Huawei said today the impact of US trade restrictions on its business will be less than what it initially feared, though the curbs could push its smartphone unit’s revenue lower by about $10bn this year.
Huawei’s $100bn business has been hit hard since mid-May after Washington added the world’s second-largest smartphone maker to an Entity List that threatens to cut off its access to essential US components and technology.
In its first assessment of the impact of the restrictions, Huawei founder and CEO Ren Zhengfei said in June the blacklisting would hit the company’s revenue by $30bn, leaving it without any topline growth for 2019.
‘It seems it is going to be a little less than that. But you have to wait till our results in March, Eric Xu, Huawei’s deputy chairman, said at a news conference to introduce new artificial intelligence chips at its headquarters in Shenzhen.
Huawei’s consumer business group, which includes the smartphones business, is developing an operating system of its own in preparation for the worst case scenario of being stripped of essential Google Android services is doing ‘much better this year than initially feared, Xu said. ‘But a reduction of more than $10bn could happen, he added.
Spurred by promotions and patriotic purchases, Huawei’s smartphone sales in China surged by a nearly a third compared to a year ago to a record high in the June quarter, helping it more than offset a shipments slump in the global market.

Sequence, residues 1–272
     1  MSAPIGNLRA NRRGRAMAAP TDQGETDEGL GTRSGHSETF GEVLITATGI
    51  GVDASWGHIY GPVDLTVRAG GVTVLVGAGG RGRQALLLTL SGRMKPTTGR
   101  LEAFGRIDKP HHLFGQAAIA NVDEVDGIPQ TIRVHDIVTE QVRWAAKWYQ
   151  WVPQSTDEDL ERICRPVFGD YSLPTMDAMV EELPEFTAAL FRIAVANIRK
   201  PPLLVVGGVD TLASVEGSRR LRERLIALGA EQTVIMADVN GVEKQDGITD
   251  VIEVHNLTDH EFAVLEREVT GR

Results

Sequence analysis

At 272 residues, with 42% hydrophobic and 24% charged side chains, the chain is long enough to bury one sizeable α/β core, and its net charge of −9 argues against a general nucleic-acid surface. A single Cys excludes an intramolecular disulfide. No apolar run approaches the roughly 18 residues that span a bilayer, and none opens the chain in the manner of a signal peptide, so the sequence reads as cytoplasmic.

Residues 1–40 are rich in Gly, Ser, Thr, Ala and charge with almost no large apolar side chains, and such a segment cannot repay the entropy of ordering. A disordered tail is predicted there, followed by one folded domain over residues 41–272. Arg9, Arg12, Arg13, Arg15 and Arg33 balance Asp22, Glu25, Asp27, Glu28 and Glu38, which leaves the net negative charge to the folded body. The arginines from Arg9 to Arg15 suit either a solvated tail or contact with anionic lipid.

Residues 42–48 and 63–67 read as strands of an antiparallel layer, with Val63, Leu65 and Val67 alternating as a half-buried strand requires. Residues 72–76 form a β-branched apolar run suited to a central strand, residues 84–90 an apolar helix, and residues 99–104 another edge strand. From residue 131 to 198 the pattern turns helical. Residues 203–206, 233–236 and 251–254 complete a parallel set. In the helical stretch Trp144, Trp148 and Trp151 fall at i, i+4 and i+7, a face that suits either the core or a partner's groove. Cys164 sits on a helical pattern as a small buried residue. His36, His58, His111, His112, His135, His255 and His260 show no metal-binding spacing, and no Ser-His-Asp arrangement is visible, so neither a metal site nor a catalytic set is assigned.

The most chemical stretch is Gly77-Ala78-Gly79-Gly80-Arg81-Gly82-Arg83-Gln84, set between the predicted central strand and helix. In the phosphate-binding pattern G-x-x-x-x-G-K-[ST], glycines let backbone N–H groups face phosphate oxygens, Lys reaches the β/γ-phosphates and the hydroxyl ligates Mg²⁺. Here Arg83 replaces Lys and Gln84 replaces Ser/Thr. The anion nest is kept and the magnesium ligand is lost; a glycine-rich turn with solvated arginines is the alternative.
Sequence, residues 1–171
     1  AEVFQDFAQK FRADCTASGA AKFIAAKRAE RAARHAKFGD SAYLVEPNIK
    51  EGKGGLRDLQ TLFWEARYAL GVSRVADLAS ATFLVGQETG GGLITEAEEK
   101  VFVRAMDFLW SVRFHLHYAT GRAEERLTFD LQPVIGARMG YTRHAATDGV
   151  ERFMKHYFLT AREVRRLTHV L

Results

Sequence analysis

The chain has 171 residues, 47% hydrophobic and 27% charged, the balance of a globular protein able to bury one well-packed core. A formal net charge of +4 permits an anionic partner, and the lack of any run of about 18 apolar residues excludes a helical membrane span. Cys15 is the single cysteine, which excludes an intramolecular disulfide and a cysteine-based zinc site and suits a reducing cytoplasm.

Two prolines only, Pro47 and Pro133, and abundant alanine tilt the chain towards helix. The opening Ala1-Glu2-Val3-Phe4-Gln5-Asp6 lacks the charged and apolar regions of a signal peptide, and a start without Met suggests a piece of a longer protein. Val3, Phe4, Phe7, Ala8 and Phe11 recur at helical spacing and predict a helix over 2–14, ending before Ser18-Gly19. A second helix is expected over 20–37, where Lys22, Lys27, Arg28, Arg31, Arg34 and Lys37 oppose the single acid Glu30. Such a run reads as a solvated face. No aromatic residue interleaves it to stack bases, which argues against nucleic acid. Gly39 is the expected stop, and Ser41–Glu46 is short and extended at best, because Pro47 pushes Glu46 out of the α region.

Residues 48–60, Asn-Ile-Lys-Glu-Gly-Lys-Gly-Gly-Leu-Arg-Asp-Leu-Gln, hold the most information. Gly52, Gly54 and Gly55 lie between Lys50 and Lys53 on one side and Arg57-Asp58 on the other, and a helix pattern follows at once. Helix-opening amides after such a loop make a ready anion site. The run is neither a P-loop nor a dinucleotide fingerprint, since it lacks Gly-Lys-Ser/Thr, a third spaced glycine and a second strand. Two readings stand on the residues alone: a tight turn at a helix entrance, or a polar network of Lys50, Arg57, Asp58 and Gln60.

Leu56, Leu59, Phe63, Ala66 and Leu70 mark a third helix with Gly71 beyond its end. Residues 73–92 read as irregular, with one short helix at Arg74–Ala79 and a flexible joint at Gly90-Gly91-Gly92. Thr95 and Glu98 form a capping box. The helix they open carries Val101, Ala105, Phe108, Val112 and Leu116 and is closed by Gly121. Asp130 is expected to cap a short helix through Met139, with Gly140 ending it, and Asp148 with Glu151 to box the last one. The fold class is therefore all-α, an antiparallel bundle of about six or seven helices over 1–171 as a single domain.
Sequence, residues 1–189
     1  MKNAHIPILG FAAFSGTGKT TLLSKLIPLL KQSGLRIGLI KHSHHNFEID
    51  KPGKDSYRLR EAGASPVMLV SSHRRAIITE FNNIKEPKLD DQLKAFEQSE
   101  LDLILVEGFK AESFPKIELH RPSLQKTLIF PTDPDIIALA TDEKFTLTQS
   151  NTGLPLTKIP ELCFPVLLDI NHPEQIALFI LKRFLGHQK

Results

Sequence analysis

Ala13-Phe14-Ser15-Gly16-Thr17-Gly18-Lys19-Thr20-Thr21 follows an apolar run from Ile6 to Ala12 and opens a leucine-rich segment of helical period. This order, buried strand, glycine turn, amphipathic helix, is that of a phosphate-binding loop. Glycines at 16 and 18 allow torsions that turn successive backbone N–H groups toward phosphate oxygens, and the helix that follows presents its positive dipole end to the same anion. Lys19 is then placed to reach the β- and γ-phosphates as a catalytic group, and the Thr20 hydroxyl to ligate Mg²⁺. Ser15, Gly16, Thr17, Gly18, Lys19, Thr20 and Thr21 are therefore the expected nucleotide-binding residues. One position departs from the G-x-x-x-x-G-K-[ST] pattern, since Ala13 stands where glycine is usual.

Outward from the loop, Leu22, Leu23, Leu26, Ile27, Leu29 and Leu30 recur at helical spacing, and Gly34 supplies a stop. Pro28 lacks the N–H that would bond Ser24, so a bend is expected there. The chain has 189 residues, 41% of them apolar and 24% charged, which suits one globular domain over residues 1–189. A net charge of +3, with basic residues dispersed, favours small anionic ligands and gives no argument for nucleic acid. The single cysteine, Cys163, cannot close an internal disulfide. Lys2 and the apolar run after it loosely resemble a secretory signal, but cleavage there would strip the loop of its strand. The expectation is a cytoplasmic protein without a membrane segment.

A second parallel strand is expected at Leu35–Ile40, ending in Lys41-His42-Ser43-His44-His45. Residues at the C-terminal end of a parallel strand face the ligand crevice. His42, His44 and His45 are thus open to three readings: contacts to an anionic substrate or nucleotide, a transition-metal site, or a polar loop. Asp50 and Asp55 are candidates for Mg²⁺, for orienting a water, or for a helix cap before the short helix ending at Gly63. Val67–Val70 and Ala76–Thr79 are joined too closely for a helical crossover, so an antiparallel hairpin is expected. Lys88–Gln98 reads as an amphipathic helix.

Huawei said last month the consumer business group turned in revenue of 221bn yuan in the first half of 2019.
In a temporary relief to Huawei, Washington said this week that it will extend by 90 days a reprieve that permits Huawei to buy from US firms in order to supply existing customers, while adding more than 40 of Huawei’s units to its economic blacklist.
Xu said the reprieve was ‘meaningless to Huawei, whose employees are ‘fully prepared to live and work with the ban.
Huawei, which has been developing its own chips to reduce its reliance on foreign technologies, reiterated yesterday that its chips, including a new AI chipset it launched yesterday, called the Ascend 910, are for its own use and it does not aim to become a chip vendor.
‘We are open to discussing partnerships with AI chipset development companies so there are chipsets of various kinds that could be used in Huawei products.
So, positioning our chipset business as a standalone is a scenario that is not going to happen, Xu said.
Huawei said it was no longer able to work with US chip designers such as Cadence Design Systems and Synopsys due to the trade restrictions, but the company has alternatives.